Friday, February 6, 2009

The Hard Headed Child

My four-year-old has been confined to her bedroom for an all-morning time out. She is might ticked about it. Over the course of the last three hours, she has screamed, cried, kicked the door, and asked to come down more than once. I am standing my ground because I am mighty ticked, too!

G has, for at least the past two years, interfered with her older sister's sleep in one capacity or another, to the point of driving me insane. G is not a kid who needs a lot of sleep. M is just the opposite - 12 hours might be enough for her. But given the opportunity to play with her little sister, M will forgo sleep until she falls face forward on the floor.

They used to share a bedroom. But night after night, my husband and I found ourselves irritably stomping up and down the stairs, telling them to get back into bed and go to sleep. A 7:30 bedtime is all fine and good, but when your youngest is keeping your oldest riled up, and at 10:30 they are still not asleep, it's a problem. No amount of threatening, punishing, or wringing of the hands seemed to matter. So when M was about to start kindergarten, we decided the only reasonable solution was to separate them.

So a month later, M was in her new room, the walls painted a cheery pink, with her own space and an opportunity to get more sleep. G was alone in her room. Bedtime playtime was over and they were both asleep within 15 minutes of going to bed. Problem solved!

Until G, the ever-resourceful hard-headed child that she is, decided that the morning hours worked just as well for play. Being deprived of her sister at night was something she had to deal with, but by morning, she could generally wait no longer. So now, at 6 a.m., she was there, knocking on her sister's door to see if she wanted to play. M, who would not otherwise be awake, would then drag herself out of bed, get her wits about her, and then proceed to play full force with her sister.

And we, now downstairs, were also awakened early by what sounded like a heard of elephants about to come through the ceiling.

This new situation has been going on since last summer. Again, no amount of punishment, warnings, or outright threats have dissuaded G from waking her sister.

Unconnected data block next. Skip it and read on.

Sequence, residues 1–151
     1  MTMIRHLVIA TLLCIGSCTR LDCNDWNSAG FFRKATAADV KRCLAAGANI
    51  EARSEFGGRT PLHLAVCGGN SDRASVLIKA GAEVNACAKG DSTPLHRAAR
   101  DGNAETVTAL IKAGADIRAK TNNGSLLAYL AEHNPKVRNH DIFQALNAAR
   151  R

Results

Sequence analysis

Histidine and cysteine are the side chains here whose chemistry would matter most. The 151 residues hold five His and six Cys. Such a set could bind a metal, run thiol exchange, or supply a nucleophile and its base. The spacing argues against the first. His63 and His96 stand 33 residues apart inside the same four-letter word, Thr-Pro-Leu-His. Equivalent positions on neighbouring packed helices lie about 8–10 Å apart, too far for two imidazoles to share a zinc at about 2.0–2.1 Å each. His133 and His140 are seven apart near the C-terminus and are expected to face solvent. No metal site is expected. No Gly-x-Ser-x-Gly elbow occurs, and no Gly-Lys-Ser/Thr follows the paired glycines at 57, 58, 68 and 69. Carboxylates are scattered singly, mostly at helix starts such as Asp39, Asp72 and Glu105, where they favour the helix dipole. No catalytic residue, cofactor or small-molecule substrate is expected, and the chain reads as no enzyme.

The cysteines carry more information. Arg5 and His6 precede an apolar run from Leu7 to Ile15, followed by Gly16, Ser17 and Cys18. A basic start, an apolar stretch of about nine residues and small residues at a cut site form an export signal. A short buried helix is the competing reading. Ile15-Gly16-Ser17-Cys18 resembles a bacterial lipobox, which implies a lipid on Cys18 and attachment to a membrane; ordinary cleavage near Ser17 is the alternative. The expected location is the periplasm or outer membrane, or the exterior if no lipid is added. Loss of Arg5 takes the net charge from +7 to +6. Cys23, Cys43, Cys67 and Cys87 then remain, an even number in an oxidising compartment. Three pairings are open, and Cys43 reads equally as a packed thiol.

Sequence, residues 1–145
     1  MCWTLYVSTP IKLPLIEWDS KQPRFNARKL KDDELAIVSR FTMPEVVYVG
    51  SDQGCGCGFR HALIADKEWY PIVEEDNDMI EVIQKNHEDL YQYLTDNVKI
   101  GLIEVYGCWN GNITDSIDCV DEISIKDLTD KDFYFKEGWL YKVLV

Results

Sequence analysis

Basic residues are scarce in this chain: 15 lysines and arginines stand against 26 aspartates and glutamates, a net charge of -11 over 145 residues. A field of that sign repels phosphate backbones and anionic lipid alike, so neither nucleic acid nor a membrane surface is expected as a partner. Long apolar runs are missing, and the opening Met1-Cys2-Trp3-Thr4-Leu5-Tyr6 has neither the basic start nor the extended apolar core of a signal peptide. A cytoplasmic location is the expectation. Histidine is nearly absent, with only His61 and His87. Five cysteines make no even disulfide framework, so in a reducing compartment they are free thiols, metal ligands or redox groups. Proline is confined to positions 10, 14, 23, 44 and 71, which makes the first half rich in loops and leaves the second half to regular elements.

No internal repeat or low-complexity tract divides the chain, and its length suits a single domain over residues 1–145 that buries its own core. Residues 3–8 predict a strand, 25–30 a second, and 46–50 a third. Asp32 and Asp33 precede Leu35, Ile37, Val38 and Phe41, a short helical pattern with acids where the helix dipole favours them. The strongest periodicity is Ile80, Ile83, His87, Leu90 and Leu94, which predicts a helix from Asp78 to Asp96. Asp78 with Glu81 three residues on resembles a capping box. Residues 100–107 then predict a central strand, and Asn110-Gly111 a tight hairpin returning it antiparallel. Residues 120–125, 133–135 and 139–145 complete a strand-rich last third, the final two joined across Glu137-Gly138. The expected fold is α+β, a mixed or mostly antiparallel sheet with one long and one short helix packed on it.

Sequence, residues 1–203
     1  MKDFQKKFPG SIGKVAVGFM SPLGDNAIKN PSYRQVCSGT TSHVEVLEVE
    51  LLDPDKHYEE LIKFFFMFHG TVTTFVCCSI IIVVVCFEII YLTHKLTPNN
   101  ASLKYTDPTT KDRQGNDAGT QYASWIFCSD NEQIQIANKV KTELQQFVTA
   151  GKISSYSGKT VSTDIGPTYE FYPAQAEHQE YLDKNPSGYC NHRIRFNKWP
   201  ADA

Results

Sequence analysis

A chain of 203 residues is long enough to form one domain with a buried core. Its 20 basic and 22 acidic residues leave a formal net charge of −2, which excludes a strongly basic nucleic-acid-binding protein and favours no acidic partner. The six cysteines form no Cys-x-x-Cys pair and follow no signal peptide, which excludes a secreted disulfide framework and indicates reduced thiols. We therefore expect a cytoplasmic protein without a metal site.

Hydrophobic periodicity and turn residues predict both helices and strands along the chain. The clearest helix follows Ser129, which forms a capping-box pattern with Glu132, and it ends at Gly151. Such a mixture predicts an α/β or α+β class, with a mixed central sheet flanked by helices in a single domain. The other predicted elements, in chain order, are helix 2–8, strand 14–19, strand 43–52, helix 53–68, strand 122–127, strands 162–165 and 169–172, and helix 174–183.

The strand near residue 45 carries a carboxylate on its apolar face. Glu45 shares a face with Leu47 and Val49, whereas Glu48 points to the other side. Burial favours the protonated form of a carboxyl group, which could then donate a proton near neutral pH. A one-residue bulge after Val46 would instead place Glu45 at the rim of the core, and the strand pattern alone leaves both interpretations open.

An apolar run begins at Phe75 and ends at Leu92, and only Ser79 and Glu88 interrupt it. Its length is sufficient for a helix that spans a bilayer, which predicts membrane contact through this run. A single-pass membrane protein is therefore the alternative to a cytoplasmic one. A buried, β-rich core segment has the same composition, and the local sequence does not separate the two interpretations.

I suppose I should be grateful I don't have the problem many parents do - that of my kids coming into my bed at varying times of the night to sleep. My children, thankfully, have never been interested in spending time in our bedroom. But this waking the sister up issue has become my Everest. Don't get me wrong. It's not that I mind the two of them playing together. I don't. In fact, I'm very grateful they get along so well. I want them to be close. And I'm not trying to exercise heavy-handed total control over my kids. But M goes to school at 8:15 and doesn't get home 'til 4:15 - a really long day for a five-year-old kid who is on the young-side of the students in her class.

And so, this is why G is in her room. Previous punishments that included removal of privileges haven't worked. I simply don't know what else to do to get through to her. She certainly doesn't like being confined there, so I would check it off as a yes in terms of effectiveness. I know I will probably have to repeat numerous times until she gets the message. Hopefully she will, eventually, get that message and the fun involved will not be worth the punishment involved.

Given her personality, though, I know this is only one of many such battles I will fight with her. G is simply the type of kid for whom the reward is usually going to be well worth the risk and some day, she will be tasked with making her own decisions about what is worth it, and what is not. I know this will serve her well in life. But I hope my actions now will at least teach her later that her choices, all choices, involve the possibility of both a favorable and an unfavorable outcome and I hope she always considers both.

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